Don’t get me wrong – I’m definitely just grousing here. I’d rather read a comic like Strange Tales than 90% of Marvel or DC’s current output, but I’d really like to see some creator’s go apeshit with their strip, rather than the nudge-nudge wink-wink stuff on display here. The recent Fin Fang Four stuff by Roger Langridge as waaay cuter than most of the stuff in Strange Tales. More often than not you’re left with a watered down version of both the character and the creator, which is a shame. That said I loved Brian Maruca and Jim Rugg’s Brother Voodoo strip, with it’s obvious nod to the duo’s own Afrodisiac character.
Astro City Special: Astra #1 (of 2) Wildstorm (Kurt Busiek & Brent Anderson)
Well thank Galactus the Dark Age is over. I dunno…I really dug the first mini in the most recent Astro City epic (in particular it’s evocation of the streetwise, edgy 70′s strain of Marvel superheroes), but boy did it fucking drag towards the end. For every great idea, like the Apollo 11, there was reams of tedious plot about Charles and Royal’s mission to uncover their parent’s killer. I think the truth is that Astro City functions better with the stand alone stories. Kurt Busiek can often pull tremendously affecting meditations on superheroes out of the bag, but just isn’t served that well by long running story arcs.
Which is why it was nice to pick up the recent special focussing on Astra, youngest daughter in the Furst family (AC’s loose Fantastic Four analogues). Busiek neatly positions her as a kind of Paris/Lindsay Lohan figure, only with super powers and a deeply cosmic social life. It’s a cute idea, played out nicely. It’s exactly the kind of thing this comic does so well. By playing around in a universe of his own creation, one that nonetheless seems ever-so familiar, Busiek can do things he simply can’t in either of the Big Two’s continuity constipated clog holes. At it’s best Astro City reminds you why you fell in love with superheroes and their colourful complicated shared universes. Brent Anderson’s comfortably timeless artwork is a constant throughout evoking Neal Adams or Gene Colan to great effect. His art’s been a bit wibbly of late, but he’s an intrinsic part of Astro City’s appeal – you can’t imagine the comic without it. Even Alex Ross’s overused, bland style seems re-invigorated with his AC covers. Good stuff all round.
King City #2 Image (Brandon Graham)
2nd issue of Image’s lovely repackaging of Brandon Graham’s idiosyncratic and fresh King City. I love the expanded format – it gives Graham’s loose fluid artwork room to breathe and really emphasises his use of negative space and weird perspective. Truth be told not a great deal happens (part of the hindrance of chopping up Manga-style formats) but it’s all so charming and different that it’s hard to care. Much like Bryan Lee O’Malley or Taiyo Matsumoto Graham mashes together East and West in a gloriously uninhibited way, and the results are a blast. I could do with slightly less of the hipster angst – too bloody reminiscent of Brian Wood and Jim Mahfood – and more of the Cat, but really, no complaints. Do yourself a favour and pick this up. Gorgeous covers too – I’d dearly love to see some full colour BG stuff.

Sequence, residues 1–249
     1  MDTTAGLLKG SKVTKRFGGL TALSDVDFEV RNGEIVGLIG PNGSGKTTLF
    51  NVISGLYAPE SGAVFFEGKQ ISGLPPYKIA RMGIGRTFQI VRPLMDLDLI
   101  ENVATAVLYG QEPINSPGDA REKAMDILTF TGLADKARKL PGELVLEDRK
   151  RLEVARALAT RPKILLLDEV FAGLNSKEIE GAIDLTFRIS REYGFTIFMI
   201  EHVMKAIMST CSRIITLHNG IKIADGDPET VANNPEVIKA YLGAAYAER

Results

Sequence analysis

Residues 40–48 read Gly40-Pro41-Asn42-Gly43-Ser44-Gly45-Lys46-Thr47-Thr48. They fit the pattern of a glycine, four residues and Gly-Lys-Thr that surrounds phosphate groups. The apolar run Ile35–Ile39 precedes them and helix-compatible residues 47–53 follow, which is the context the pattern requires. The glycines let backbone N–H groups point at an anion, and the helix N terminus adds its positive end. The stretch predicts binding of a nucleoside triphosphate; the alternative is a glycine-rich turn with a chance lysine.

Batman & Robin #5 DC (Donna Tartt & Ernest Borgnine)
Well I can’t really be fucked to talk too much about this. Not because I disliked it – quite the opposite, I’m enjoying the sordid trashy vibe that Morrison & Tan are bringing to the table, in particular the gleefully stupid new characters being introduced and dispatched with giddy abandon. No, I just simply don’t want to fill up any more blogspace with writing about it.Starstruck #2 (Elaine Lee & MW Kaluta)
IDW’s sumtuous repackaging of this lost and loved sci-fi epic from the 80′s continues at it’s glacial pace – I didn’t bloody realise it was bi-monthly! Difficult to gage the story at this stage. Lee employs all sorts of narrative tricks and quirks to keep things oblique, much like Robert Altman did with film in the 70′s. Characters talk over each other and interrupt each other mid-way through sentences, not to mention talking about vast, complex socio-political alien situations. The scope for the series is certainly ambitious, and the attempt to create a convincingly futuristic world is admirable.
The real draw, obviously, is Kaluta’s beautiful, beautiful artwork. It really is fantastic – delicate, complex linework and a truly marvelous sense of design. The recolouring is sensitive and luxurious and the whole package reeks of quality. Plenty of backmatter as well, not to mention brand new Kaluta artwork in the shape of the curious ‘Galactic Girl Guides’ strip. Starstruck is well worth sampling if you’re after something different